newsagent's

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dudass

Senior Member
spanish
My doubt is about the plural form of this and similar words.

In my neighbourhood there is a newsagent's.
In my neighbourhood there are two newsagent's/ newsagents/ newsagents' ??

Thanks a lot.
 
  • owlman5

    Senior Member
    English-US
    If you are referring to people who sell newspapers and magazines*, then "newsagents" is the normal plural form of "newsagent": In my neighborhood there are two newsagents.

    If you are referring to the newspaper shop that is owned by somebody who sells newspapers, then the possessive form "news agent's" is possible: I'll meet you at the newsagent's at four this afternoon. = I'll meet you at the shop the newsagent owns at four this afternoon. You should realize that "newsagent's" means "the place that belongs to the newsagent." It doesn't express any kind of plural.

    * I never hear people use "newsagent" in my part of the world. I'd expect to hear something like "news vendor".
     
    Last edited:

    Loob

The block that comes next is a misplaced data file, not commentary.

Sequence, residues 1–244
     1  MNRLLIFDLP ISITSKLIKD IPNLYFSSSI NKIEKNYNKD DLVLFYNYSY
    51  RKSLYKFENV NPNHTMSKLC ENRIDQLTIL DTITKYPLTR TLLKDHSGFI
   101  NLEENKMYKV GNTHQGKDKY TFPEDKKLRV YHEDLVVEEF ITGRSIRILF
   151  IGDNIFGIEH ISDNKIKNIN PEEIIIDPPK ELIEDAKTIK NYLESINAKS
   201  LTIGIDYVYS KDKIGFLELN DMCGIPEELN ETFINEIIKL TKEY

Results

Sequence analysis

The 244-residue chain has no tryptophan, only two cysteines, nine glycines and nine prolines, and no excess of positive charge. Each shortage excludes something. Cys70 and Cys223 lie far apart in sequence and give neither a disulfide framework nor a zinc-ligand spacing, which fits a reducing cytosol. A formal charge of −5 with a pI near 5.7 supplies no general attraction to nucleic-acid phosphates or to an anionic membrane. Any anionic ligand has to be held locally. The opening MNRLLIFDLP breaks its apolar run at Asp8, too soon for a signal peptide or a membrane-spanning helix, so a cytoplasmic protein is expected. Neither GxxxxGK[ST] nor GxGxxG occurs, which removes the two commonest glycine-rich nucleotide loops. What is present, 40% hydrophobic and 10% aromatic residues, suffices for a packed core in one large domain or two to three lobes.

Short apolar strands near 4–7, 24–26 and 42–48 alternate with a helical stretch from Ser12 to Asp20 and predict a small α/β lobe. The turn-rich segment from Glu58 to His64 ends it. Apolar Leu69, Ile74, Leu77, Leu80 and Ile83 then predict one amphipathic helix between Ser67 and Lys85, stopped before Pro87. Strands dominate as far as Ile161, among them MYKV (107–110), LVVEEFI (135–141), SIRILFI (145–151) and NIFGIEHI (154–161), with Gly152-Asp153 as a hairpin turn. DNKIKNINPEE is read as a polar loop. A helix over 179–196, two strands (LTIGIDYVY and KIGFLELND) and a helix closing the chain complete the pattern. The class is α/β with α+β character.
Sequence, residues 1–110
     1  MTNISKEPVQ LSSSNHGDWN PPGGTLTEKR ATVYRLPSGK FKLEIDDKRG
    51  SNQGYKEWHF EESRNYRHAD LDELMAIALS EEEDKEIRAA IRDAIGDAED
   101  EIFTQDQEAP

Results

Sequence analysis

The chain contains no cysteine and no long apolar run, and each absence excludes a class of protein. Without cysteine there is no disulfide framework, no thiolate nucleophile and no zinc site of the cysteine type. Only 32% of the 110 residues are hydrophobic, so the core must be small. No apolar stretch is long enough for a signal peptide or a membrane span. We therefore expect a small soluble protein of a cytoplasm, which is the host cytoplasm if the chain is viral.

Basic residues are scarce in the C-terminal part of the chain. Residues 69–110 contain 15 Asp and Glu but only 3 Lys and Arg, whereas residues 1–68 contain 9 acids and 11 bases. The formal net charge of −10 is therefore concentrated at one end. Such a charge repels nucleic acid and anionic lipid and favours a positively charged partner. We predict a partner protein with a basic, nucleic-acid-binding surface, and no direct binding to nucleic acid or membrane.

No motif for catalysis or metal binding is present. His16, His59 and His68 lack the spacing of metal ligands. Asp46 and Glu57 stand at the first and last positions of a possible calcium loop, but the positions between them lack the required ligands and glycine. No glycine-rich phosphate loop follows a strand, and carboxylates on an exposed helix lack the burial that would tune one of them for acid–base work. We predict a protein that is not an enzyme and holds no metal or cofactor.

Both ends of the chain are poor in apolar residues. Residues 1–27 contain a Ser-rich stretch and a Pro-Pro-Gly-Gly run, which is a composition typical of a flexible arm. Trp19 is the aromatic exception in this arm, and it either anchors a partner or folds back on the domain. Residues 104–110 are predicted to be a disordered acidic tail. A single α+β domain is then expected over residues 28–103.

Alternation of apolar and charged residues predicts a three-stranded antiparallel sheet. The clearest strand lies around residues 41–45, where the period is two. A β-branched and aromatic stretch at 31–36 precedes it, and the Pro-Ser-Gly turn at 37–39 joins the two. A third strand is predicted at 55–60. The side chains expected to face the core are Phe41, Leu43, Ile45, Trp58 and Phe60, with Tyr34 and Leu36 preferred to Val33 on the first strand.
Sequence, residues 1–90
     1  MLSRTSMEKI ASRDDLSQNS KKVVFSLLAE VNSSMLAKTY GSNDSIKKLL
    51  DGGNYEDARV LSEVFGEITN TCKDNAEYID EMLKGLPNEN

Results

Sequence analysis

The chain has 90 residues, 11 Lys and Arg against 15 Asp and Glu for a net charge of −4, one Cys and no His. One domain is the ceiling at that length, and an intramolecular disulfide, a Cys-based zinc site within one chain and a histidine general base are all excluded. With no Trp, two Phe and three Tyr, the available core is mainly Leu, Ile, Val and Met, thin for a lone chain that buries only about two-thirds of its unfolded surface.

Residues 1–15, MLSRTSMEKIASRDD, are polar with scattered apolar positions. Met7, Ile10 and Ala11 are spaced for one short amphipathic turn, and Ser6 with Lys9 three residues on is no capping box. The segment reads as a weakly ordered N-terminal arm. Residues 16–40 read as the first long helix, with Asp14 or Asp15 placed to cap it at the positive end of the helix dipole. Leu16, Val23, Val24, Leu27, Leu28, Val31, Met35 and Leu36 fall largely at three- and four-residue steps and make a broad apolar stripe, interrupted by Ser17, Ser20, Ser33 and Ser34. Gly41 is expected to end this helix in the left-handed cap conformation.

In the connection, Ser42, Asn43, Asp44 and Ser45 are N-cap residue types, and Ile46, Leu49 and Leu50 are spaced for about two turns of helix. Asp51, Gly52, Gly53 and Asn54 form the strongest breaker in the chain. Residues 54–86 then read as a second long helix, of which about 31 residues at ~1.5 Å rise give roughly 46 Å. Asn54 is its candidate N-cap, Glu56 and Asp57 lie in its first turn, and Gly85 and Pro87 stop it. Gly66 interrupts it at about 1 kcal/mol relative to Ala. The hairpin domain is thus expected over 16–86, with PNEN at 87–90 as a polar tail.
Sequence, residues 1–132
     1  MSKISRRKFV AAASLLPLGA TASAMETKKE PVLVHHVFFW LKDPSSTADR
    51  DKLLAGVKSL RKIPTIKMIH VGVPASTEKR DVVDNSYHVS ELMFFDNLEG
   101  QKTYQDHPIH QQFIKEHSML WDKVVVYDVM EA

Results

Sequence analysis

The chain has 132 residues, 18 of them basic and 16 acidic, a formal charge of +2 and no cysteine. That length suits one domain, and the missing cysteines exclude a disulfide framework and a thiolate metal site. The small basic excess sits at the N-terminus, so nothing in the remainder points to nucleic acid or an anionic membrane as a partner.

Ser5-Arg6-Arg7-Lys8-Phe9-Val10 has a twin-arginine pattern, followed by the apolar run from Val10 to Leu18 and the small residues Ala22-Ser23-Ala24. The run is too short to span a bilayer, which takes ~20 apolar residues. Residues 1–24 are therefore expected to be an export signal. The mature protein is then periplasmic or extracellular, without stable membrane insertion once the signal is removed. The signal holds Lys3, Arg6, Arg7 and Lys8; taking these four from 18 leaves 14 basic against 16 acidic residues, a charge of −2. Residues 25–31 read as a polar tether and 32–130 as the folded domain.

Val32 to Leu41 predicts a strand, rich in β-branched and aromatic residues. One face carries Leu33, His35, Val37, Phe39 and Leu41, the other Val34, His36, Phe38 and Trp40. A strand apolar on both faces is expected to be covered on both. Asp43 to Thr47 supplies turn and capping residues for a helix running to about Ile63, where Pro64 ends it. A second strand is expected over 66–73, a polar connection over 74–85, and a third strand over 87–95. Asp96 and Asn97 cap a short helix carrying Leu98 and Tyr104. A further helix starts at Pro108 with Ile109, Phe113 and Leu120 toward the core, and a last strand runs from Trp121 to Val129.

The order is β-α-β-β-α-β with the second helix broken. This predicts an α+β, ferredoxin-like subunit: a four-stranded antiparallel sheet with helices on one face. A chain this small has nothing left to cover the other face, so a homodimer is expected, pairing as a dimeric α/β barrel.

Senior Member
    English UK
    Hi dudass

    I'd say that newsagent's (which is a common term in BrE) is an abbreviated form of newsagent's shop, just as grocer's is an abbreviated form of grocer's shop.

    The plural of newsagent's shop would be newsagent's shops, so the plural of newsagent's [] is newsagent's []: one newsagent's, two newsagent's;).
     

    ewie

    Senior Member
    English English
    Newsagents are ten a penny (10 /1p) in the UK, Mr O.

    The shop is a newsagent's. I (for one) would treat it as an invariable noun:

    There's a newsagent's on the corner.
    There are four newsagent's in this street.


    See also here newsagent's [plural form?]

    :rolleyes:

    EDIT: Cross-posted with Mrs L while my computer was having one of its little 'episodes'.
     

    owlman5

    Senior Member
    English-US
    Newsagents are ten a penny (10 /1p) in the UK, Mr O.
    Thanks for the confirmation, Mr E. :) Once I found the compound "newsagent" in our dictionary, I figured it was commonly used in BE. I'm sure I've seen the word in print over here, but I don't think I've ever heard "newsagent" in a conversation with anybody.
     
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